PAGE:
DiGFASD: Dissecting the Genetics of Fetal Alcohol Spectrum Disorders
The purpose of this study is to help scientists understand why some people who were exposed to alcohol in the womb have special facial features but other people do not. This study will test if genetics (or DNA) explains these differences. We hope this will help improve treatments and interventions for people with fetal alcohol spectrum disorders (FASD).
Participants in this study (or their parents or legal guardians) will be asked to:
Answer some questions about themselves. These questions ask about their demographic background (such as gender, race, ethnicity, income, and education), their health history, and their mother's health during her pregnancy with them (if that information is known).
Speak with study staff briefly by phone or video chat to confirm enrollment in the study and ask any questions they have.
Take photographs of their face.
Provide a saliva sample for genetic research.
Participants can complete the study at home from anywhere in the world. The questions can be answered online, over the phone, or on paper. Adopted families are welcome to enroll. The study pays for all shipping costs.
|Condition or Disease||Intervention/Treatment||Phase|
Fetal Alcohol Syndrome (FAS) typically involves poor growth for age, particular facial characteristics, and cognitive deficiencies. Although FAS was first described in the literature over 40 years ago, significant challenges remain in the development of rapid and efficient approaches to identify individuals who were prenatally exposed to alcohol. Further, no widely available effective interventions or treatments to improve the long term outcomes of individuals with FAS and related disorders (collectively known as Fetal Alcohol Spectrum Disorders or FASD) exist, despite the high prevalence (as high as 33.5 per 1,000 in some communities) of FASD across the United States.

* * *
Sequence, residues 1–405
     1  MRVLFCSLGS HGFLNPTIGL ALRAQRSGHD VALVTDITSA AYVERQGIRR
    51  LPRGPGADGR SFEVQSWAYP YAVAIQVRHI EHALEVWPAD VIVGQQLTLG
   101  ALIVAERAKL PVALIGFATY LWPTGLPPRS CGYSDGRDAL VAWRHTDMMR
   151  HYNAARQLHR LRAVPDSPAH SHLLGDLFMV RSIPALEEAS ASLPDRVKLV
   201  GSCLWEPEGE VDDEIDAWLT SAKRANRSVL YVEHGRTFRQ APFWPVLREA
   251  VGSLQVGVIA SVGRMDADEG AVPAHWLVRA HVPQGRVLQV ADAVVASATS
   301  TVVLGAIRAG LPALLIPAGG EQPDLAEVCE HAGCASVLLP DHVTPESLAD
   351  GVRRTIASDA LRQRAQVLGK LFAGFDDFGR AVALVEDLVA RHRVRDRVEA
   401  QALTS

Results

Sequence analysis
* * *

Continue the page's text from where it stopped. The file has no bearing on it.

The Collaborative Initiative on Fetal Alcohol Spectrum Disorders (CIFASD) seeks to address critical issues related to earlier and improved recognition of FASD, identify biomarkers of exposure, and elucidate the genetic risk factors contributing to FASD risk and resilience by conducting multidisciplinary projects and maintaining cooperative resources. This project is part of CIFASD's ongoing efforts and will specifically address the elucidation of genetic factors that contribute to risk and resilience in FASD.
Prior work with animal models of FASD have identified genetic variants that contribute to alterations in facial morphology after exposure to alcohol during embryonic development (McCarthy et al., 2013). Prenatal alcohol exposure also activates immune pathway genes in animal models. The identification of these genetic factors suggest that genetic variation may similarly contribute to differences in response to prenatal alcohol exposure in humans. The goal of this project is to identify genetic variants that protect against or increase the effects of prenatal alcohol exposure in humans.
Arms and Interventions
All participants in the study will experience the same procedures.
Other: No intervention
This study does not involve any interventions.
Primary Outcome Measures
- Facial Risk Score [through study completion, an average of 1 year]
Facial Risk Score Each participant's facial images will be evaluated and a Facial Risk Score will be assigned to each individual. This risk score is relative to all individuals participating in the study, and therefore will be updated at the end of each year. Final scores will be completed at the end of the study. The risk score is computer-based, with high scores indicating increased dysmorphology and low scores indicating decreased dysmorphology.
- Whole Exome Sequencing (WES) [through study completion, an average of 1 year]
Whole Exome Sequencing After Facial Risk Scores have been assigned to each individual, two subsets of the study population will be selected: those with high risk scores, and those with low risk scores. Saliva samples from these subpopulations will be subjected to Whole Exome Sequencing (WES). Rare variant analysis will be performed in each gene to evaluate whether there are more rare variants in individuals from one group (e.g., high risk scores) compared to the other group (e.g., low risk scores). This will enable us to determine if the variant increases risk (more common in those with high risk scores) or increases resilience (more common in those with low risk scores).
Documented or suspected history of prenatal alcohol exposure OR Fetal Alcohol Spectrum Disorder (FASD) diagnosis
No documented or suspected history of prenatal alcohol exposure OR FASD diagnosis
Does not speak English
Contacts and Locations
|1||Indiana University||Indianapolis||Indiana||United States||46202|
Sponsors and Collaborators
- Indiana University
- National Institute on Alcohol Abuse and Alcoholism (NIAAA)
- Principal Investigator: Tatiana Foroud, Indiana University
- Principal Investigator: Leah Wetherill, Indiana University
Study Documents (Full-Text)None provided.